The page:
Dirt on Gardening

Autumn is a great time of year to plant trees. Tree roots have some time to grow without the stress of growing leaves, blooming or setting seed.

Trees add important design elements to the garden landscape — shade, structure and color elements — to name a few. A type of tree that is uncommon but very important in the garden is a vertical accent tree, one that is narrow with branches that grow in a tight upward pattern.

When planted appropriately, vertical accent trees are the punctuation marks of the garden. A tall, skinny tree on either side of an object, such as a house, can act as a frame for the object. A vertical accent located in the front of a garden bed will make the space around the tree seem deeper. Located in the background of the bed, a vertical accent becomes the focal point.

Vertical evergreens are commonly used as screens or hedges. Multiple vertical accents can also be used to mark a path through a garden.

A vertical evergreen that will survive in the Ozarks is Chinese juniper, Juniperus chinensis, “spearmint.” This tree reaches about 20 feet in height and only three to four feet in width. It grows fast and thick with dark green foliage, preferring full sun and alkaline soil. It will also tolerate drought.

Juniperus communis, “Gold Cone,” is another juniper that will tolerate the sometimes-extreme Ozark weather. It reaches about 10 feet tall and two feet wide at maturity with foliage that has yellow coloring.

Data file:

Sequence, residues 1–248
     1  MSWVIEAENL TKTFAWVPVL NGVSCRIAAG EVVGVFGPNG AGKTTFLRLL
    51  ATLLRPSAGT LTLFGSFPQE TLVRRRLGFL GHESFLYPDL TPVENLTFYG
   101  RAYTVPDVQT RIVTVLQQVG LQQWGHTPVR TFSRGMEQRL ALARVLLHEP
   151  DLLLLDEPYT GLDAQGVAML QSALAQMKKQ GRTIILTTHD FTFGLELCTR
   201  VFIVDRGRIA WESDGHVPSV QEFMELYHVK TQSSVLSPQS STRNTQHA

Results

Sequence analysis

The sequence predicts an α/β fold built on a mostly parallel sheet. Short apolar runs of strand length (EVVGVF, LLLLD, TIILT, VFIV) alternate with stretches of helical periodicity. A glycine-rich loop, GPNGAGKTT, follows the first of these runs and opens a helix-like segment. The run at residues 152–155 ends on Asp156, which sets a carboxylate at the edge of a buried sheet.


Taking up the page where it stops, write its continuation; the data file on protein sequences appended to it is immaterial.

The common boxwood also has a tall, narrow variety – Buxus sempervierens, “Graham Blandy.” This boxwood grows about nine feet tall and one to two feet wide. Its deep green leaves turn bronze in the winter.

If the gardener is looking for a deciduous vertical accent tree, the columnar English oak, Uqerus robur forma fastiga, will bring height to a dramatic level reaching 50 feet at maturity with 10 to 12 feet diameter branches.

There are several varieties of columnar English beech trees, Fagus sylvatica, that reach more than 80 feet in height at maturity. “Dawyck” and “Fastigiata” varieties reach about 10 feet in diameter and turn yellow in the fall. There’s also a golden leaved variety of columnar English beech —“Dawyck Gold”— and a purple leaved variety of columnar beech — “Dawyck Purple.”

It’s important to note that columnar English oak and English beech are very slow growing.

Keep in mind that unlike many traditionally shaped trees, vertical accent trees provide very little shade, so they can be easily used in the garden landscape with sun loving plants.

Questions or comments related to gardening? Contact Joleen at missourigardener@hotmail.com

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